Coherent radiation emitted from a relativistic electron bunch consists of wavelengths longer than or comparable to the bunch length. The intensity of this radiation out-numbers that of its incoherent counterpart, which extends to wavelengths shorter than the bunch length, by a factor equal to the number of electrons in the bunch. In typical accelerators, this factor is about 8 to 11 orders of magnitude. The spectrum of the coherent radiation is determined by the Fourier transform of the electron bunch distribution and, therefore, contains information of the bunch distribution. Coherent transition radiation emitted from subpicosecond electron bunches at the Stanford SUNSHINE facility is observed in the far-infrared regime through a room-temperature pyroelectric bolometer and characterized through the electron bunch-length study. To measure the bunch length, a new frequency-resolved subpicosecond bunch-length measuring system is developed. This system uses a far-infrared Michelson interferometer to measure the spectrum of coherent transition radiation through optical autocorrelation with resolution far better than existing time-resolved methods. Hence, the radiation spectrum and the bunch length are deduced from the autocorrelation measurement. To study the stimulation of coherent transition radiation, a special cavity named BRAICER is invented. Far-infrared light pulses of coherent transition radiation emitted from electron bunches are delayed and circulated in the cavity to coincide with subsequent incoming electron bunches. This coincidence of light pulses with electron bunches enables the light to do work on electrons, and thus stimulates more radiated energy. The possibilities of extending the bunch-length measuring system to measure the three-dimensional bunch distribution and making the BRAICER cavity a broadband, high-intensity, coherent, far-infrared light source are also discussed.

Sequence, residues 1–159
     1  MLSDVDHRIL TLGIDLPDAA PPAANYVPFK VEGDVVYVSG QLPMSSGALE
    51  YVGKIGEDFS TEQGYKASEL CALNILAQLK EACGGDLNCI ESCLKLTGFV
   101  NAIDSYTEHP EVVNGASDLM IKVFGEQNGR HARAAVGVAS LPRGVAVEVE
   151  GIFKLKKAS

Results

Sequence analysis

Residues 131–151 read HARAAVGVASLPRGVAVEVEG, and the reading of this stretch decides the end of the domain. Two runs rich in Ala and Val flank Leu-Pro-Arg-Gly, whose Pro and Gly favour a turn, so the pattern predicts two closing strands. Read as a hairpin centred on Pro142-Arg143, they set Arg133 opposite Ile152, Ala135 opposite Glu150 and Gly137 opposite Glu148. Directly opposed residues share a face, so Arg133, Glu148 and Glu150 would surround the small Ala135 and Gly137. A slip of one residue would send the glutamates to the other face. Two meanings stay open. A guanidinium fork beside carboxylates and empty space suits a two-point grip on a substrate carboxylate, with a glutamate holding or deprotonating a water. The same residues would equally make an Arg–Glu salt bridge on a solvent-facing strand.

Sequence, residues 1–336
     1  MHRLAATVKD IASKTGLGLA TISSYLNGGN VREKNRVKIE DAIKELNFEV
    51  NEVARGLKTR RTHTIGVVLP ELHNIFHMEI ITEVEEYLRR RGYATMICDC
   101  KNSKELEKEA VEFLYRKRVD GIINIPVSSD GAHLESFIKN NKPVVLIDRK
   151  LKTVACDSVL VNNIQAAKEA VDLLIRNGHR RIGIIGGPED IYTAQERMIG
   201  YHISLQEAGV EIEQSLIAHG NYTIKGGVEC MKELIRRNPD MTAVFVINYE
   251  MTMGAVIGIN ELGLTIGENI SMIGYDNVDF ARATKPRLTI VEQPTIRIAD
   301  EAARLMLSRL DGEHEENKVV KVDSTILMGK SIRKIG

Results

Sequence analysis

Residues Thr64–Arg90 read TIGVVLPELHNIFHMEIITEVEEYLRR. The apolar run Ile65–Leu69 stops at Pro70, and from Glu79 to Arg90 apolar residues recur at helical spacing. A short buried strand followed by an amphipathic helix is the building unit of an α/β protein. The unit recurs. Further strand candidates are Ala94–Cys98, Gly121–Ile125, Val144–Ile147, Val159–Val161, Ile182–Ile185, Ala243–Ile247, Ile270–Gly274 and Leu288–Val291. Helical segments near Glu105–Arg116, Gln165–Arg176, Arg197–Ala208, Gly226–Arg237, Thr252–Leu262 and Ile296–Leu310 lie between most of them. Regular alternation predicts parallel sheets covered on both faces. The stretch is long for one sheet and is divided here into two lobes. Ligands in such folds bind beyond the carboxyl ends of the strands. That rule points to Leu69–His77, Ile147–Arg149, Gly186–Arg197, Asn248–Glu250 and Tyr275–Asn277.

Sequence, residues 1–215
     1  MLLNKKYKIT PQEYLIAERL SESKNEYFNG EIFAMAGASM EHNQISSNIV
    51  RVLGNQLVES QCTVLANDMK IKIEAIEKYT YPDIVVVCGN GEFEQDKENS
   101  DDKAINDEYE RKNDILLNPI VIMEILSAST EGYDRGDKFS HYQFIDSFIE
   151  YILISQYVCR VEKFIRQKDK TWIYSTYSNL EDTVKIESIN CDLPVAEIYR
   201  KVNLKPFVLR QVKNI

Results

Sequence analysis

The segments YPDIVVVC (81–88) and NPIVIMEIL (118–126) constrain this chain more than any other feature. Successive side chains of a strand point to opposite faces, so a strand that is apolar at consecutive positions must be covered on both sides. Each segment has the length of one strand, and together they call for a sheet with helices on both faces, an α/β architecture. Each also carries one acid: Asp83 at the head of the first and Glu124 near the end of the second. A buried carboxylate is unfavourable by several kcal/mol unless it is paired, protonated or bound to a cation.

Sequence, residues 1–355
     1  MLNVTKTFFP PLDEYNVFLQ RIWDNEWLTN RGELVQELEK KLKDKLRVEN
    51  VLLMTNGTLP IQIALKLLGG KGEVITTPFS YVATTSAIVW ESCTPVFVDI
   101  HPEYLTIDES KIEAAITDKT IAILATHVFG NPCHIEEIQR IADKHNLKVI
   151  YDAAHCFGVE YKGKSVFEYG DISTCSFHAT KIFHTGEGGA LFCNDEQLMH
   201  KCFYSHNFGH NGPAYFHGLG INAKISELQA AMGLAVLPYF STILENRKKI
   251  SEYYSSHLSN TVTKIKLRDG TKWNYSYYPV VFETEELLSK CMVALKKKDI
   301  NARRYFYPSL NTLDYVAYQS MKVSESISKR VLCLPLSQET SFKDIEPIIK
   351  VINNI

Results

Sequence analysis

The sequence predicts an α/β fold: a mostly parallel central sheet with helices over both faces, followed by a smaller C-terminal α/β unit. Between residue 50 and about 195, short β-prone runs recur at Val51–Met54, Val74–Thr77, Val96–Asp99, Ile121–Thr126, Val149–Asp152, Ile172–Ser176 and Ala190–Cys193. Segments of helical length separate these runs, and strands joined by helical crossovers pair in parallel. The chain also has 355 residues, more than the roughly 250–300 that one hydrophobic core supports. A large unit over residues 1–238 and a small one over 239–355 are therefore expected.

15. Electroencephalographic (eeg coherence between visual and motor areas of the left and the right brain hemisphere while performing visuomotor task with the right and the left hand